Supporting Science and Students

Filed in Just In by November 29, 2019

TODAY people around the world are supporting student strikes to bring awareness to climate change and in Scone Murray Armstrong was doing his bit to support the students, with a sit in at the Upper Hunter Shire Council.

Murray was joined by Dr Richard Abbott and Roslyn Armstrong, with others welcome.

Murray said he only decided to support the students with a sit in, a couple of days ago and thought the Council would be the ideal place, since it is one of only a handful of Councils which has declared a climate emergency at their February meeting.

Murray Armstrong sitting in to support students striking globally for climate change awareness.

“I’m doing this in support of the parents for climate action and the students for climate action who are holding passive sit in demonstrations in front of parliament houses and politician’s offices around the country today and it’s a global event,” said Mr Armstrong.

“I have been supporting the school for climate action rallies since the first one in Martin Place, Sydney in November of last year and I’ve been to two major rallies in Newcastle since then and I’ve decided it is time that I made a stand in my local community,” he said.

In terms of science, Murray Armstrong encourages people who believe in science, but don’t believe in climate science to evaluate it as they do other forms of science.  

“I believe in the climate science and my question to people who don’t believe in climate science is, which other realms of science don’t they believe in?” he questioned.

“Do they not believe in medical science or oceanography or astrophysics, or mechanical science, or agricultural sciences? Do they not believe in all of those?

“So why being advised for 40 years by climate scientists that we are approaching a very serious situation for the human population, why are we not doing enough about it?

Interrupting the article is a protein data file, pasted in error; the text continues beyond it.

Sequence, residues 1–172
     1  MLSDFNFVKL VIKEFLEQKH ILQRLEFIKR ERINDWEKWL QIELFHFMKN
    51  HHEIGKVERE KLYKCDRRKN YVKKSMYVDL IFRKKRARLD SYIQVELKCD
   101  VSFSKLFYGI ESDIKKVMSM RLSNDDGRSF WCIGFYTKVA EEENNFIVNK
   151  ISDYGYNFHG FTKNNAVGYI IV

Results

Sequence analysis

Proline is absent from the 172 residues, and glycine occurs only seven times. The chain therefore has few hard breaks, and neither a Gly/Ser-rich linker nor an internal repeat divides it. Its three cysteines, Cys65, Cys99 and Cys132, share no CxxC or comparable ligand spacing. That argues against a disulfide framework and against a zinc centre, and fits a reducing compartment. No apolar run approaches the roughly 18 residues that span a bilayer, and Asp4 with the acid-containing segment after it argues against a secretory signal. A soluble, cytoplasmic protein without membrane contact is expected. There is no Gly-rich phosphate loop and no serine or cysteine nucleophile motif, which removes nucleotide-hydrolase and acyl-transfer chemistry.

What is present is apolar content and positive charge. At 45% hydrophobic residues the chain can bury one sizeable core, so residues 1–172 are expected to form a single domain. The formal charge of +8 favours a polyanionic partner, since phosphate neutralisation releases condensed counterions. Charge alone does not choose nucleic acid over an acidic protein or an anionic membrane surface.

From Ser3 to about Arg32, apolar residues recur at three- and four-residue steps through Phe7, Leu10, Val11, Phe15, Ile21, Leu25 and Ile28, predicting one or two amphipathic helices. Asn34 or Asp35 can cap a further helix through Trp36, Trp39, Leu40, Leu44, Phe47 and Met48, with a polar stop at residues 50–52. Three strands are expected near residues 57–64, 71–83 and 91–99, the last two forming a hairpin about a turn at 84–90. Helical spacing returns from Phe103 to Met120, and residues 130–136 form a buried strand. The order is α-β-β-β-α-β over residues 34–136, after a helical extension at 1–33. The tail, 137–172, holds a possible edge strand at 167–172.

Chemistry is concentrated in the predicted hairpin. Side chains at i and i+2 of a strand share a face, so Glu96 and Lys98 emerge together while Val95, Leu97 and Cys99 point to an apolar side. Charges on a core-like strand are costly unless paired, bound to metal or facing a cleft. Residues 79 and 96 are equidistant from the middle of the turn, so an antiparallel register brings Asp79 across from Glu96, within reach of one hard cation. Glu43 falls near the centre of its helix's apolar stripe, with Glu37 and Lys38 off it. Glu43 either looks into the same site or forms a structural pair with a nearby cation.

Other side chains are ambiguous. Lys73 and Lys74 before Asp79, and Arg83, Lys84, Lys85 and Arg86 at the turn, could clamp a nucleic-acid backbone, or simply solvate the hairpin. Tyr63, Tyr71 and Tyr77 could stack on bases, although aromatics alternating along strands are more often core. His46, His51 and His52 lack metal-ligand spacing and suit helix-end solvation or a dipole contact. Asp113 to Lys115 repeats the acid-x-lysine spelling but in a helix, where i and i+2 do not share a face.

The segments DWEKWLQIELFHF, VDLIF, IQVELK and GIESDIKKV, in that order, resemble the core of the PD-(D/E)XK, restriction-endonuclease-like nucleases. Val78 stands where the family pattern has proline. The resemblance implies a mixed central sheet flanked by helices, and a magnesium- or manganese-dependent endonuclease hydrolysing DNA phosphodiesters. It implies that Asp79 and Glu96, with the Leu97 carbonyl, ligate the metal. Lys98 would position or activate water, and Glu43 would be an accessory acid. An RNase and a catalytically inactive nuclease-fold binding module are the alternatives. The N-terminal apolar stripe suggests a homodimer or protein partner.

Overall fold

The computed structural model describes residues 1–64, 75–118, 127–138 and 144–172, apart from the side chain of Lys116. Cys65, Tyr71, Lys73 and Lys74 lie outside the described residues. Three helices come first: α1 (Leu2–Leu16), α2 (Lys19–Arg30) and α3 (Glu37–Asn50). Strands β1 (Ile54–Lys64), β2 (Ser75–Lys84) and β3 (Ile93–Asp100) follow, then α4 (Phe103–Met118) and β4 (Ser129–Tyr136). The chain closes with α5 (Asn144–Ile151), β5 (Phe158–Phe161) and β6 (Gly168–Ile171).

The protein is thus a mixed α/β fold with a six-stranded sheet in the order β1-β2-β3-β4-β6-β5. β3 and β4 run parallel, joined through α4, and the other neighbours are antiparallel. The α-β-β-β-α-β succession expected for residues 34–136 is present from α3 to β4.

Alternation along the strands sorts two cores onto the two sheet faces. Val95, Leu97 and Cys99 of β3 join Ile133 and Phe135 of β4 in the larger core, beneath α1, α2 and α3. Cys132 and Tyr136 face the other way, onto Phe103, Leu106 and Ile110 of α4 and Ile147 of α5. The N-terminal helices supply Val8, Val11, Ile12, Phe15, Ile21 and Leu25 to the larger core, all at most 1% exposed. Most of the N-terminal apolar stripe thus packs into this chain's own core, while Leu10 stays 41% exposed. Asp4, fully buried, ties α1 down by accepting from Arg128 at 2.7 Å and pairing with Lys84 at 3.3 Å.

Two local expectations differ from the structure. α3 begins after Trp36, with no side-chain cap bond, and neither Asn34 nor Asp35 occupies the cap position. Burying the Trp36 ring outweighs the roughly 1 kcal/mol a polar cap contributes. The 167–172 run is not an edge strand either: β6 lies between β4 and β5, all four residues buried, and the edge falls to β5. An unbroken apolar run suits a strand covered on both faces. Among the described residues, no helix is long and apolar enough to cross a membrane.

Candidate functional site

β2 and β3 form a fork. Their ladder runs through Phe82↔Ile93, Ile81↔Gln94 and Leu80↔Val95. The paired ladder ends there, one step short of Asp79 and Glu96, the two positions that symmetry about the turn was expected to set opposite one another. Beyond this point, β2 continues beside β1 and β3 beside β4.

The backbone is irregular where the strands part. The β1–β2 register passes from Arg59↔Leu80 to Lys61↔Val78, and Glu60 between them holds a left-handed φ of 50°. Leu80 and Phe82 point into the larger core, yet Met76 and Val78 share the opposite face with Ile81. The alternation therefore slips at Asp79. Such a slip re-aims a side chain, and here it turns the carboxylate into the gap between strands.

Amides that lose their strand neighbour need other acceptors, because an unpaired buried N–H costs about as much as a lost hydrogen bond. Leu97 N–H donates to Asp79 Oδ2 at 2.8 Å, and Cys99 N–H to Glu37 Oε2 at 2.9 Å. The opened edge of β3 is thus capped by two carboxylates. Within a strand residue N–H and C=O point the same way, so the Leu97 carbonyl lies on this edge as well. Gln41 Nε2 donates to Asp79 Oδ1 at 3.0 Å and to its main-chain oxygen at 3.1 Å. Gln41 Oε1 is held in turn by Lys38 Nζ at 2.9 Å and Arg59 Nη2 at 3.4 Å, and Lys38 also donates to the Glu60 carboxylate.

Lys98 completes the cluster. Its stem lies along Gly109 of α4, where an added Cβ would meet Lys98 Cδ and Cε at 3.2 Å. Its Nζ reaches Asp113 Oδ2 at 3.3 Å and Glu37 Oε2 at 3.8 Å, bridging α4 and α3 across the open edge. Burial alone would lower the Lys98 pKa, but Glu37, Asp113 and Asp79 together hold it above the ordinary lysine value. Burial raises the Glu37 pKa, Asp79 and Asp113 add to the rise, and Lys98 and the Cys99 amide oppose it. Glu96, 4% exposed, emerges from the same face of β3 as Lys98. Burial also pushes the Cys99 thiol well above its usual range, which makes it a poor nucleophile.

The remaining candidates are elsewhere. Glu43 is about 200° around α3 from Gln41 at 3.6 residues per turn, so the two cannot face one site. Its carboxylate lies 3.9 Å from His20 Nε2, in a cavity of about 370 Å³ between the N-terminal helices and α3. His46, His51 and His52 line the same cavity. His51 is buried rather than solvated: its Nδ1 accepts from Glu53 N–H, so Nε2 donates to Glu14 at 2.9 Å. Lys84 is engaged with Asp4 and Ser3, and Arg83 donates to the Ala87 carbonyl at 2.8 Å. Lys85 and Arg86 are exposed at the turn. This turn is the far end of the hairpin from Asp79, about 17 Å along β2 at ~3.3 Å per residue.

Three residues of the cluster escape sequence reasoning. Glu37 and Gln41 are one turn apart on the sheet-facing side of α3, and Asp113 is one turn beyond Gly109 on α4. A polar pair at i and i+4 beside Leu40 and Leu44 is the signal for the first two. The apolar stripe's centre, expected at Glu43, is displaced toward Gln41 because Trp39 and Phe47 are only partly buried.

Dr Richard Abbott with Murray Armstrong supporting students raising awareness for climate change.

There be might be 2 percent of climate scientists who have a different opinion, but 98 percent agree, and I think it is fear that makes people want to believe the 2 percent.

“What the scientists are predicting is a frightening future and it is much easier to deny it is happening, but we do need to look at the science and act,” he said.

“The global temperature has risen by 1 degree since 1900, but the scientists say that if we reach 2 or 3 degrees it will have significant impact and what they were predicting 40 years are now occurring with more unexpected climactic events,” said Murray Armstrong.

The first step the school children are lobbying for, is no new coal mines and a transition to more renewable energies, which Murray believes is a step in the right direction.

“The school kids are asking for a stop to new coal mines, they are not asking for a stop to coal mining tomorrow, but to start to transition to new energy and for the government to start programs to develop new industries, including renewable energy,” he said.

“Germany is increasingly relying on solar energy and Australia has more sun than most countries,” Murray Armstrong said.

For more information on the science of climate change visit: Skeptical Science.

 

 

 

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